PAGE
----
Modern Cars Vs Cars of the PastBlog May 27th, 2021
When you see a post on social media about someone experiencing some kind of failure from modern cars, you will always see the comment “They don’t make ‘em like they used to.” below it. It doesn't matter what it is, computers dryers, TV or fridge, people often think the quality is lower than it was “back then.” But really, is that true, especially about vehicles? Let’s take a look at the facts!
Car Quality Indicators
People are hanging onto modern cars longer than they used to, up from 4.3 years in 2006 to just under 7 years today, which must be a sign of improving vehicle quality, right? But in reality, the length of time people hang onto a new car is more about the economy, consumer confidence, and high new car prices. People hang onto a new car longer when they can’t afford a new one. Vehicle age however is more directly related to vehicle quality.
The average age of vehicles on the road have been inching up steadily for decades. For example, it just hit an all-time record high of 11.8 years! A decade ago the average age of cars on the road was 10.3 years. In 2000 it was 8.8 years. Go back 50 years to 1969 and the average age was a mere 5.1 years. The only real explanation for how the average age of vehicles on the road could be so much higher today then before is simple: Vehicle quality has risen over time. So no, they don’t make ‘em like they used to – they make them BETTER than they used to!
Higher Vehicle Quality can be a Bumpy Ridee
There's no doubt that today’s modern cars are way more technologically advanced than the older vehicles. But it’s also true that getting here hasn’t always easy. When touchscreens, voice recognition and Bluetooth first started appearing in cars, the new features were so glitchy they tended to be more of a drag on vehicle quality. It really wasn’t until 2015 that enough kinks were worked out that these new technologies began to help rise vehicle quality scores. This makes perfect sense when you think about however. Much like when a new software comes out, it has all kinds of bugs that need to be fixed.
Another example of this is the Continuously Variable Transmission or CVT. Traditional transmissions have a set number of gears to go through during acceleration, but the CVT has no gears at all. Instead, it relies on a belt-and-pulley system to deliver the power needed to the wheels as a car accelerates. It provides seamless shifting and is especially good for getting the most power out of a 4-cylinder engine, resulting in quicker and more responsive acceleration.
CVT transmissions have been around for more than 30 years, but have been more popular in Asian and European car markets. In the past 20 years, however, they are becoming much more common in cars sold in North America. Overall though, CVT quality has improved and the once-common complaints have gone down drastically.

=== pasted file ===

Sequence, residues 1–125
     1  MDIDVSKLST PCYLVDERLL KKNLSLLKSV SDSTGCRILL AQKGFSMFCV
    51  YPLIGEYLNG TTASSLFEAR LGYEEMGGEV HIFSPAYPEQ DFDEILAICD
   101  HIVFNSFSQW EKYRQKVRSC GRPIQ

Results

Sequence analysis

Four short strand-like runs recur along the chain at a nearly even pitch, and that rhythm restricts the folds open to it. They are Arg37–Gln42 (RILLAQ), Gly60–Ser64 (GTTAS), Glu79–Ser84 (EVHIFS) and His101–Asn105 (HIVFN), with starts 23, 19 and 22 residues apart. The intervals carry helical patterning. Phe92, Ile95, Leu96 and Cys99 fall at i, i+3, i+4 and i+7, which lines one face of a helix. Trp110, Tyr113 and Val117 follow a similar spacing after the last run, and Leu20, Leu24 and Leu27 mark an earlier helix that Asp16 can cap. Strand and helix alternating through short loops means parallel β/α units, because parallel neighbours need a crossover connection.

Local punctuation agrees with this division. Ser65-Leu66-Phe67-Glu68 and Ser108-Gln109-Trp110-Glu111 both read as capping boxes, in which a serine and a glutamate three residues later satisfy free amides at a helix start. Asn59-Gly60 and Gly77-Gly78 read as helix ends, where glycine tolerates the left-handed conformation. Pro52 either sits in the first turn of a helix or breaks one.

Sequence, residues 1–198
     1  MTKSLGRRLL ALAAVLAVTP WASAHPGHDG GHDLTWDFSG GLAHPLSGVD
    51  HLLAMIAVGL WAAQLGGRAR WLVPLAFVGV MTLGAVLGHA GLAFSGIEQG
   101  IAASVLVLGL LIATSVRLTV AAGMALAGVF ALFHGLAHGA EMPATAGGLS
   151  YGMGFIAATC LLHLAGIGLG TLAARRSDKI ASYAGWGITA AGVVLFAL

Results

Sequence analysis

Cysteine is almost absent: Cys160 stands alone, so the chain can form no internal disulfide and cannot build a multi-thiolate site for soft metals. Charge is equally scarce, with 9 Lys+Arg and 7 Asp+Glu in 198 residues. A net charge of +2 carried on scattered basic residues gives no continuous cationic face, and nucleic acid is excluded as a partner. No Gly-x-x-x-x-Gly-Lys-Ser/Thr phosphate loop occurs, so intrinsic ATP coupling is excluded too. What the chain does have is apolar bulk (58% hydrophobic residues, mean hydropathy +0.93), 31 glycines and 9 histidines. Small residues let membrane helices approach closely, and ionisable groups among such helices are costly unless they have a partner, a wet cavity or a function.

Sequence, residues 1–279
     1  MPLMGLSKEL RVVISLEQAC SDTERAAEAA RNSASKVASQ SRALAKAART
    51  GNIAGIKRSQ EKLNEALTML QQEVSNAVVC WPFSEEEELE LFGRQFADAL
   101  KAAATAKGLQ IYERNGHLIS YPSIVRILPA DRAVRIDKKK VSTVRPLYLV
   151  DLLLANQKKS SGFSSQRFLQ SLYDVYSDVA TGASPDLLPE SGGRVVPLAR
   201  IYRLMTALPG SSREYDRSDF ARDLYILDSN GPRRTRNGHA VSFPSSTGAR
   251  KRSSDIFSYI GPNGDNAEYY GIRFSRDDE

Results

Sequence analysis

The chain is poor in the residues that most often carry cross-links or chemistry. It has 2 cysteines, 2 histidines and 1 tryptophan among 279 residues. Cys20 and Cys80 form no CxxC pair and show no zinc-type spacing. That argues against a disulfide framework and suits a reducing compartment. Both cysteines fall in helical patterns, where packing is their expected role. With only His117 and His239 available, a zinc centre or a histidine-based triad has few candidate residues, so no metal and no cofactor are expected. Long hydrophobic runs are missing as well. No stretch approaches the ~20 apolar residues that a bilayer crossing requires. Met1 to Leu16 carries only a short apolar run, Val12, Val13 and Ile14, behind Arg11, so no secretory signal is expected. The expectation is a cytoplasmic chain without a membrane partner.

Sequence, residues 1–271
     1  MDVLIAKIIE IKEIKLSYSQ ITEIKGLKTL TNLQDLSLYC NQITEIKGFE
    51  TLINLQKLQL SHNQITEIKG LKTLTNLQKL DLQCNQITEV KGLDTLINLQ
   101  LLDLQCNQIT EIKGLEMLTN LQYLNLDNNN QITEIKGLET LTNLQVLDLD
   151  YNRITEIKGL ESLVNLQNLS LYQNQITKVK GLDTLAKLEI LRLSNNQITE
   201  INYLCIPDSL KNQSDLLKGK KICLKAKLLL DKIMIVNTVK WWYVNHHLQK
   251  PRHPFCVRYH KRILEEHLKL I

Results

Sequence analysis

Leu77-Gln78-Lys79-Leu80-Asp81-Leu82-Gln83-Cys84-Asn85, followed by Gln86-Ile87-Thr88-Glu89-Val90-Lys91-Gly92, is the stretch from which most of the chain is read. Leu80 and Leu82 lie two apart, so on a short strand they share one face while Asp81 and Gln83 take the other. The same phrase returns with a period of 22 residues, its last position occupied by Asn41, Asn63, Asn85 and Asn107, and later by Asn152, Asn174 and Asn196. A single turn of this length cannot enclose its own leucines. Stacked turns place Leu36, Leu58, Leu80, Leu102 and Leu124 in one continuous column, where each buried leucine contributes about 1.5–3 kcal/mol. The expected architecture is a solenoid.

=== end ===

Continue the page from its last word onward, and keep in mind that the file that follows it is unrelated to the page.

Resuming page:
Vehicle Quality Scorecard: What’s Better?
If you looked at a scorecard with all the specific aspects of vehicle quality, you’d see just how many improvements have been made on new vehicles, such as:
Fuel Economy: The average fuel economy achieved by car makers often settles around the standards set by the federal government, although there are always some manufacturers striving to be better. The standard for economy passenger cars in 1978 was only 7 km/l! Then in 1985 it was 10.9, then 12.82 in 2011, and more recently 15 in 2016. It could be much higher, but changing the federal standards is subject to all kinds of political red tape.
Renewable Fuels: People become increasingly concerned about climate change, but thankfully there are more options than ever for alternative fuels. From hybrids to all-electric, to diesel, there has never been more alternative fuel options available in modern cars to vehicle owners!
Safety Features: Did you know vehicles weren’t required to have seatbelts installed until 1968? Even then most didn’t use them until the provinces started passing laws requiring it back in the '80s. The list of safety improvements is huge, like the standard bigger, brighter headlights; anti-lock braking systems (ABS) and airbags. There is also all the latest high-tech safety features like rear-view cameras, blind-spot detection/collision warnings, tire-pressure monitors, adaptive cruise control/collision mitigation, automatic braking, lane departure warning/wake-up alerts, rollover prevention with stability control, and emergency response systems.
Navigation: Navigation systems are almost built standard into vehicles these days. For those that don’t, there are have standalone GPS devices and of course your cell and Google Maps! Getting to your destination have never been easier – no more struggling with paper maps!
Did you know the very first cars invented more than 100 years ago didn’t have doors, windshields, or turn signals? They didn’t even have round steering wheels! So, yeah, cars have obviously come a long way since those early days.
Cars continue to evolve with ever-changing tech, from cars that can parallel park themselves to driverles vehicles. This goes to show that vehicle quality is definitely an upward trend, and will continue to increase into the future. So, even though the road ahead will inevitably have a few bumps along the way, vehicle quality is and will continue to improve.
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The Bottom Line
Slightly older used vehicles these days have many of the most recent technologies. This is why more and more people don’t want to pay top-dollar for the brand-new modern cars and instead are making the smart move and looking at used cars under five years old. Thankfully this is EXACTLY what we at Finch Used Cars are for! Plus, with the free vehicle pick-up and drop-off available at Finch locations across London, getting your vehicle serviced has never been this convenient.